Although the alternative consultation process didn’t involve a traditional voting process to decide the fee, student feedback was considered through feedback forms available at the forums. CFAC allowed student organizations to host the forums in an effort to increase participation. According to CFAC, 1,251 people attended forums during the three-week period. Of those, 1,015 students, or 3.5 percent of SDSU’s enrolled students, filled out a feedback form. Of the students that provided feedback at the forums, 36 percent were in favor of no increase, according to CFAC. Additionally, CFAC reported that 13 percent of students were in favor a $500 fee increase, 9 percent were in favor of a $400 fee increase, 16 percent were in favor of a $300 fee increase and 26 percent were in favor of a $200 increase. “The way the fee was decided was based on direct student feedback,” CFAC member and Associate Vice President for Academic Affairs Kathy LaMaster said. “Sixty-four percent of the students that came to a forum supported a fee at some level, so the committee supported it at the $200 level.” According to the CFAC agenda, effort was put forth to ensure that all students were aware of the open forums. A mass email was sent out to all students by CFAC Chair and Associated Students President Josh Morse. Notices were posted on Blackboard, WebPortal, NewsCenter, and The Aztec both prior to and throughout the open forum period. Students were also encouraged to attend with a brief classroom announcement in approximately 65 classrooms. According to the CFAC agenda, an email contact and a website were set up for comments and questions about the forums. An informational video was created, posted to Blackboard and WebPortal and viewed 1,576 times from the time it was posted until the last forum on Feb. 21. CFAC decides on a recommendation Throughout the meeting, students shouted phrases such as “no fees” and “this process is illegitimate.”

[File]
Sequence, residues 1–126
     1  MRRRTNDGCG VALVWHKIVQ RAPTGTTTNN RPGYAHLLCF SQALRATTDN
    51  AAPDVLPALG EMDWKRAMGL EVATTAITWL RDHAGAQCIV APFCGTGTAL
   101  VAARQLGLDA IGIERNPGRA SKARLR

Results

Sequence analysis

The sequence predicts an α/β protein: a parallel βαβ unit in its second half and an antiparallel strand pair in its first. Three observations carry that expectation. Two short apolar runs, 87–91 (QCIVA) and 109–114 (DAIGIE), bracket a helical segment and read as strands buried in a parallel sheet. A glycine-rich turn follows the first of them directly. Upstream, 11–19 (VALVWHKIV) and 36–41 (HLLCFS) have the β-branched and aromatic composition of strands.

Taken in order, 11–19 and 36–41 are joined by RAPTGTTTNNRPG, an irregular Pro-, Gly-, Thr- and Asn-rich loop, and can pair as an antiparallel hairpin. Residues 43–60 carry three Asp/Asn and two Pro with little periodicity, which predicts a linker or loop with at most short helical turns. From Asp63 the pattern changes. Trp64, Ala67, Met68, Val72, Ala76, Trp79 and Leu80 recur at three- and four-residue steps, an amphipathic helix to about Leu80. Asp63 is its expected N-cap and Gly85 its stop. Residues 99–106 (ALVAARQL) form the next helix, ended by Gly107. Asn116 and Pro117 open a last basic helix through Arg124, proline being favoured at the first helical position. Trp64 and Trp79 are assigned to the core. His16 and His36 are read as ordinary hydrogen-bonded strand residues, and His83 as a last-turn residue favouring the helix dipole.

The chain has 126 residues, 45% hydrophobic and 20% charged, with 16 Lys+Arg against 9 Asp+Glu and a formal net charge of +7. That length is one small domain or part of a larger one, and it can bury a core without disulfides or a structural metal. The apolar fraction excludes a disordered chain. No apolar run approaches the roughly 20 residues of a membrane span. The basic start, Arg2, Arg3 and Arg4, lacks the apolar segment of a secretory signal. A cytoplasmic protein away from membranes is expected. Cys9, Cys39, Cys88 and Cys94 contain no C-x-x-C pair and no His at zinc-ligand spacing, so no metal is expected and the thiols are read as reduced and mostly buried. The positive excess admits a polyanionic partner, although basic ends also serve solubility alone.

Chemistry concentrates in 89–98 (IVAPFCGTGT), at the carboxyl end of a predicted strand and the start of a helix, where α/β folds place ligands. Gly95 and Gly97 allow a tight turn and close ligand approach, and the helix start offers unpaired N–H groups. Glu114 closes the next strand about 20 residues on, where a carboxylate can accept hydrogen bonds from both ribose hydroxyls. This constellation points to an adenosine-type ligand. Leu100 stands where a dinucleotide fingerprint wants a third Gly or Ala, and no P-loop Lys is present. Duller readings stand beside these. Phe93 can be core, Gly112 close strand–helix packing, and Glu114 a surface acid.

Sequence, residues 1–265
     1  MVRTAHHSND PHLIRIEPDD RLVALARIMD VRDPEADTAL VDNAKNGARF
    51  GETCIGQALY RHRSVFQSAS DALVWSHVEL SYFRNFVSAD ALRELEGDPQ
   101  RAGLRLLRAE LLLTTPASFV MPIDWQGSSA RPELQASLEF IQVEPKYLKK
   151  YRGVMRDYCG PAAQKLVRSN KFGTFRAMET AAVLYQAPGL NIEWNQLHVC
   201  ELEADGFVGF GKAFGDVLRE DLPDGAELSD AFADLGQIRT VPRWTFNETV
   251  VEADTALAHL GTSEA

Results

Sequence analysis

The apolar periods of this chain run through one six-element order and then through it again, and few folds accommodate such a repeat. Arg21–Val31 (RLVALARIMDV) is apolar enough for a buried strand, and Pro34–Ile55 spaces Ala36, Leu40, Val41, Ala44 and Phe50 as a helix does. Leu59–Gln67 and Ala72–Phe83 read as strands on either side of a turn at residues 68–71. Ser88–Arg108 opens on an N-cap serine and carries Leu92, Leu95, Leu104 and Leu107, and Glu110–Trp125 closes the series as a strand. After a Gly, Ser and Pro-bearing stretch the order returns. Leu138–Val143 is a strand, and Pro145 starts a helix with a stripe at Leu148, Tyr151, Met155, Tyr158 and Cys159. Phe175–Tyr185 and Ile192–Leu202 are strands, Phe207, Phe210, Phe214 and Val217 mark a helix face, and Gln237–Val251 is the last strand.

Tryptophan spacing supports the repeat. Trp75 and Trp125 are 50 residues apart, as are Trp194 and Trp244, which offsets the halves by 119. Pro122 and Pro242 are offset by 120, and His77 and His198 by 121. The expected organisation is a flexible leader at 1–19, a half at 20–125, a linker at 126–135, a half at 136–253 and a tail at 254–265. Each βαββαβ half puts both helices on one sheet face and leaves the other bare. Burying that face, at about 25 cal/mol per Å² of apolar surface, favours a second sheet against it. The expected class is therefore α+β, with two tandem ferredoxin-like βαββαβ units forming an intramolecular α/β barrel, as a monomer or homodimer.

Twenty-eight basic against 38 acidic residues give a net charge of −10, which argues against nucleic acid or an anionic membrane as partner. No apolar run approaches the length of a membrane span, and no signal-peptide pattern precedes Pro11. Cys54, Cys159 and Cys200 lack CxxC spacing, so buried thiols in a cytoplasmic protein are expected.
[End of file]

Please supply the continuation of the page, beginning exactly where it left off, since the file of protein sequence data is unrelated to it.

Throwback: Aztecs walk out for fee in 2010 Lawson Navarro Staff writer
The Campus Fee Advisory Committee listened to protester’s concerns during its Friday meeting.
Michelle Monroy, Staff writer
Morse struggled to maintain order as the increasingly angry protesters overwhelmed conversation between CFAC members. After a quick recess, CFAC unanimously voted to recommend a $200 fee increase for President Elliot Hirshman’s consideration, much to the dismay of the protesters who met the decision with a cacophony of boos and insults. Communication breakdown With the vote complete, protesters marched to the president’s office through heavy rainfall, chanting against the proposed fee increase. The protesters gathered in the lobby, demanding to see the president immediately.
“It’s perfectly OK that the students are upset ... Our goal is to make sure it’s done legally.”
- SDSU Police Department Lt. Mike O’Dean
As the staff present in the office attempted to calm the crowd, an alarm went off within the building and some of the protesters began to leave in fear of being arrested. A majority of the group stayed in the office, intent on speaking directly with Hirshman. Associate Vice President for Campus Life Timothy Quinnan, Chief Diversity Officer Aaron Bruce and SDSU Police Department Lt. Mike O’Dean worked to keep the protesters civil as they waited for word on whether or not Hirshman was going to address the crowd. “It’s perfectly OK that the students are upset,” O’Dean said. “Our goal is to make sure it’s done legally.” When Quinnan informed the protesters that Hirshman was not on campus, the group decided they would continue the protest in the president’s office on Monday. Steve Allison, a recent alumnus of SDSU’s geography program and protest supporter said it was sad that students and the administration could not work together to solve the issue, though he remained optimistic about the university’s future. “I think that the fact that students are organized and protesting is a sign of a healthy university,” Allison said as he waited with the protesters in the president’s office.